Although, I also wonder how many other works of Beethoven he would have had the opportunity to hear. Despite my musical background, I confess I know little about the disbursement of music in Europe in Keats's time. I know that many people only were able to hear Beethoven's symphonies in piano transcription--thanks to Franz Liszt--but these did not appear until many years after Keats's death. Perhaps Keats lived his whole life, while overlapping with Beethoven's, without ever hearing one of his symphonies. :shock: :cry:


More than likely.

It was not until the mid 1820s that Beethoven's music began to be performed in London so Keats most probably never heard any Beethoven at all, or indeed any Schubert.

We do know that he heard and loved Mozart and Haydn though.

Beethoven's symphonies I know off by heart - I must have listened to them hundreds of times :D

PostPosted: Mon Jul 03, 2006 3:31 pm
by dks
Credo Buffa wrote:As I bask in the glory of the Minnesota Orchestra's newly-released recording of Beethoven's 3rd and 8th, I can't help but lament how unfortunate it is that Keats didn't live to hear the 9th Symphony (not to mention the other great Romantic works of the 19th century).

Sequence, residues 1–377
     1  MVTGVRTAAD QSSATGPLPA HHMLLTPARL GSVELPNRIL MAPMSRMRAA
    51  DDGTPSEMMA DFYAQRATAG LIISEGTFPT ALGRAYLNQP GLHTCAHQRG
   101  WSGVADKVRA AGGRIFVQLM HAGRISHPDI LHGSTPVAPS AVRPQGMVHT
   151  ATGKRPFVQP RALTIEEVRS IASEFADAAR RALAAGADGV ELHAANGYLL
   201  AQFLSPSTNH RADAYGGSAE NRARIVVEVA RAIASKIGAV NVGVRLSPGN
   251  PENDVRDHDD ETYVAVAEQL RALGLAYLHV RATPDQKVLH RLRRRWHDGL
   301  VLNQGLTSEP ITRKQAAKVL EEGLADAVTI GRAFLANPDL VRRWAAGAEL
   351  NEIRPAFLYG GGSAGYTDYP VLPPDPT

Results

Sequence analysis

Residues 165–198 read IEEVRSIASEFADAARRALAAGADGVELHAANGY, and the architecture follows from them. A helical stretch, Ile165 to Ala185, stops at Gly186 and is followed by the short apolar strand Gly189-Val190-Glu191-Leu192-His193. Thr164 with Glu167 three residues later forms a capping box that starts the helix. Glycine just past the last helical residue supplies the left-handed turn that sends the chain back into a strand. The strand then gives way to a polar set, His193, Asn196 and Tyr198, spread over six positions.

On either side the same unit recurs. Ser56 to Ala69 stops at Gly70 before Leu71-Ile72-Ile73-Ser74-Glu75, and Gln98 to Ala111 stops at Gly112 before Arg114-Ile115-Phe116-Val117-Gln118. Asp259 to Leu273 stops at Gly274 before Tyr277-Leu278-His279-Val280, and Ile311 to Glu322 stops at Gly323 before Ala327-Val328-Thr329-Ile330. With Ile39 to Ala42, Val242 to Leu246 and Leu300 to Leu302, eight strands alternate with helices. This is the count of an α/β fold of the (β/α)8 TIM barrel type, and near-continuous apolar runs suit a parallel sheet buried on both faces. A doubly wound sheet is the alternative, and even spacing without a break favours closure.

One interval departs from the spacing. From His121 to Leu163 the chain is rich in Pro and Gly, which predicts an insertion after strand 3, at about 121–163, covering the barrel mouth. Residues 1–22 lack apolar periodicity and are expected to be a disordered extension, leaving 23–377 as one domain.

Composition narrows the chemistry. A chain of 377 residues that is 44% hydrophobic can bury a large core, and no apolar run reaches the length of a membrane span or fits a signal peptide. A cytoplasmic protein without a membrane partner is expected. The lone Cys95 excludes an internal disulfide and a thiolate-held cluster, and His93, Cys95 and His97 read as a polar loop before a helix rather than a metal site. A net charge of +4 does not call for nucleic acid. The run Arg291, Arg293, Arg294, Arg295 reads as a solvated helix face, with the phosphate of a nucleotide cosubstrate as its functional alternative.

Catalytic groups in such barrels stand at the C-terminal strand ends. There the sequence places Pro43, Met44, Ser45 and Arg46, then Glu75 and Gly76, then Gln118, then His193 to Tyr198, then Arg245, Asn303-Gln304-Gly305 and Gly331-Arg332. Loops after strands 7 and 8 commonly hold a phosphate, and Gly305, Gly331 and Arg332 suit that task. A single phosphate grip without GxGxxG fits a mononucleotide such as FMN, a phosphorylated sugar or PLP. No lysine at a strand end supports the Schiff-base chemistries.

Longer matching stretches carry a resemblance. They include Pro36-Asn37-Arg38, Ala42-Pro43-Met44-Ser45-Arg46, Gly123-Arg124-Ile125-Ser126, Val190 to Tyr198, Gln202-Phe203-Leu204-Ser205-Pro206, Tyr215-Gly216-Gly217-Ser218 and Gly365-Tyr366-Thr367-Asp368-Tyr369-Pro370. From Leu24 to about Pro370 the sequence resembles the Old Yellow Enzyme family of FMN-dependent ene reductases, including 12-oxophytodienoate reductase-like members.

Oh...I don't think there is any other classical piece that moves me quite like Beethoven's 9th--I can feel his passion when I hear it...it moves me inexplicably. :shock: :oops:

PostPosted: Mon Jul 03, 2006 9:11 pm
by Saturn
dks wrote:
Oh...I don't think there is any other classical piece that moves me quite like Beethoven's 9th--I can feel his passion when I hear it...it moves me inexplicably. :shock: :oops:


Nothing to be embarassed about there.

It is possibly the greatest piece of music ever written :D

PostPosted: Mon Jul 10, 2006 10:53 pm
by Nightingale27
I agree that Schubert's music does remind of Keat's poems. I was reading some poetry while listening to one of Schubert's Impromtus. The combination of the music and Keat's words was amazing! I also like listening to some Nocturnes by Chopin and Beethoven's Moonlight Sonata when I read Keats.

PostPosted: Tue Jul 11, 2006 12:45 am
by Malia
Nightingale27 wrote:I agree that Schubert's music does remind of Keat's poems. I was reading some poetry while listening to one of Schubert's Impromtus. The combination of the music and Keat's words was amazing! I also like listening to some Nocturnes by Chopin and Beethoven's Moonlight Sonata when I read Keats.